So You Claim To Hate Squeeze Pages Hey
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So You Claim To Hate Squeeze Pages Hey?

Recently I gave a speech at the Jon Lovitz Comedy Club for a group of entrepreneurs and forward thinking people. The crowd was great. The speakers were stellar. The content was unlike anything you ever see at a typical marketing event.

jason moffatt jon lovitz club

For instance, one speaker was ranting about how he hated squeeze pages and the majority of tactics that marketers used online today. And while I could understand his point, I felt the good ole squeeze page was getting a bad rap. You see, I don’t really think it’s squeeze pages that people hate. People will gladly give up their email if it’s for something they want. So what do they really hate?

As the gentleman (and he is a fine gentleman) was ranting about squeeze pages and such I saw the crowd nodding along. It appeared they had the same feeling. Keep in mind, this crowd was much more heart centered and philanthropic than an average marketing seminar so it’s easy to see how they may have a distaste for many manipulative sales tactics.

So I got an idea.

When I got on stage I mentioned that instead of giving the crowd a theoretical or a feel good speech, I much preferred to give them something tactical that they could use in their life and business. Sadly, we were under a time crunch and my ability to teach them the type of tactics I would of liked simply couldn’t fit into that time frame.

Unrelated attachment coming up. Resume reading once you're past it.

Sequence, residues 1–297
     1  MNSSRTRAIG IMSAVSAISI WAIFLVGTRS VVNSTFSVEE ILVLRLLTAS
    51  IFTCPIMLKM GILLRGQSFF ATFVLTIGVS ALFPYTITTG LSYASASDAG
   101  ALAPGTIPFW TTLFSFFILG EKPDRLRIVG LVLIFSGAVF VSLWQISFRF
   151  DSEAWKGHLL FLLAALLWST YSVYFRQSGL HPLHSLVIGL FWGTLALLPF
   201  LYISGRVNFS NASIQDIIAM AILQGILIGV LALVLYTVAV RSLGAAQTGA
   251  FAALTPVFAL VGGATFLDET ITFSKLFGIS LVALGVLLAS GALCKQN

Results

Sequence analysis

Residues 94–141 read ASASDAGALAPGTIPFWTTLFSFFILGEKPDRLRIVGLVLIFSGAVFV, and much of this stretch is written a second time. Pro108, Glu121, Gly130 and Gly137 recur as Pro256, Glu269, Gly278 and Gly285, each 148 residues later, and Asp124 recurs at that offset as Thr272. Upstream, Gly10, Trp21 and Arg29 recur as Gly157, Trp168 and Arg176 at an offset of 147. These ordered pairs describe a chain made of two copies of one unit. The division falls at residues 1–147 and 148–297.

So I asked the crowd… “How would you like all of my training to be sent to you in a email when I get home tomorrow? Would you guys like that? Please raise your hand if you’d like access to all of my marketing materials”.

Almost every person in the place raised their hands. Then I said… “All I need for you to do is to send me a email and let me know you want the materials, and I’ll reply back and send them to you. Does that sound fair”?

Not a single person had a problem with it.

Then I asked… “How many of you hate squeeze pages”?

The overwhelming majority of the people raised their hands.